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Friday, January 17, 2020

Book Club Report: Year Three

Thirty-three meetings; seventeen novels, sixteen books of non-fiction; lowest attendance at any meeting = four people, highest = thirteen. I'm reasonably sure that's enough on the three year stats.

The third full year of my book club was more satisfying than the second and the return rate for the end-of-the-year feedback sheet was better than in either of the first two years. To ensure the club remains vibrant, each year I implement at least one idea or book recommendation from those sheets. Which brings me to the first of 2019's highlights:

* I ceded my facilitator's hat for one meeting when the group discussed The Gatekeepers (2017) because that particular book (by Chris Whipple) was recommended by a club member on their 2018 feedback sheet who also said he'd be willing to facilitate. Was fun wearing a participant hat that night.

* Along with The Gatekeepers, the non-fiction winners in 2019 were David Grann's Killers of the Flower Moon (2017) - a book my wife has not stopped recommending to others since our discussion - and Between the World and Me (2015), which generated the most meaningful dialogue about race I've ever had with a group of white people. Thanks to author Ta-Nehisi Coates for that gift.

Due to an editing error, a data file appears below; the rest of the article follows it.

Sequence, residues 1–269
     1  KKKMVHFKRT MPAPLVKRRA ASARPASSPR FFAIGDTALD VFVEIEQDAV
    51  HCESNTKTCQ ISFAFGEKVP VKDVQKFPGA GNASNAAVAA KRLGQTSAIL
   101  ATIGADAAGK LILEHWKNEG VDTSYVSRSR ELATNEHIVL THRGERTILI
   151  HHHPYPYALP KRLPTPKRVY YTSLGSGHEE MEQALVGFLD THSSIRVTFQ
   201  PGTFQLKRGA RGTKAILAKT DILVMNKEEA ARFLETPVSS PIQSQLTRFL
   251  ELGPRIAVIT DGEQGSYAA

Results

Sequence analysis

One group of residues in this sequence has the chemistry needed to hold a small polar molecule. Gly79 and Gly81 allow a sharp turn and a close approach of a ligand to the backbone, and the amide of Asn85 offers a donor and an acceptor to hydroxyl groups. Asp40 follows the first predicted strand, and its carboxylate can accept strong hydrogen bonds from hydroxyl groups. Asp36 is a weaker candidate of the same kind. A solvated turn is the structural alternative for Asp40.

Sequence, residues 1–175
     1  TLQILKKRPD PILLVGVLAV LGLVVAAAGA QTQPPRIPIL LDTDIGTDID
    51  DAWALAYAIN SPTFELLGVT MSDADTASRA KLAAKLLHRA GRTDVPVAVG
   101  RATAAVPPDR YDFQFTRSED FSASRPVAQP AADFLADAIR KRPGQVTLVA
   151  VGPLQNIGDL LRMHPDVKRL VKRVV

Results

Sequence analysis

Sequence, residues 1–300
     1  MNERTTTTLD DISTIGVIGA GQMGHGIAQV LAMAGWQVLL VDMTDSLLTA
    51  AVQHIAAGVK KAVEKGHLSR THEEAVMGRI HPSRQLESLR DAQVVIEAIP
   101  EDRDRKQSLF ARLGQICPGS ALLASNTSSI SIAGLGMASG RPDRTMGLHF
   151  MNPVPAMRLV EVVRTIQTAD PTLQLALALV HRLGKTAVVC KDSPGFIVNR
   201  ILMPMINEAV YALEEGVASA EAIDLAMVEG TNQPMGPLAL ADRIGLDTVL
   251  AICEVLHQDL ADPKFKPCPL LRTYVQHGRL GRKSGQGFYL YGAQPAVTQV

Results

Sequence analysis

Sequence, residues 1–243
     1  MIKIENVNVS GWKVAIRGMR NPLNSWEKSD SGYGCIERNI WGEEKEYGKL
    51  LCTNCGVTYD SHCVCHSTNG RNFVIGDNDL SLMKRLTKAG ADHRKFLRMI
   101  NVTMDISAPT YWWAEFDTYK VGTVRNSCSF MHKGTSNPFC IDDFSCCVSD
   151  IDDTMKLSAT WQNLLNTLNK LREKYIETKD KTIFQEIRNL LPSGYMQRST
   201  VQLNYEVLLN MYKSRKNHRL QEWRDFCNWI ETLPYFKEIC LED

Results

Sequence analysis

* Of the six novels we read in 2019, Barbara Kingsolver's 1998 masterwork Poisonwood Bible was arguably the most well received, although my bias may be showing there. One of the most intriguing conversations occurred when nine of us debated what Paul Auster was aiming for at the conclusion of his sometimes inscrutable novel called Invisible (2007). What a kick!

And 2020 is already off to a strong start thanks to a rich discussion about Alice McDermott's multi-generational tour-de-force The Ninth Hour (2017). I'm having so much fun.

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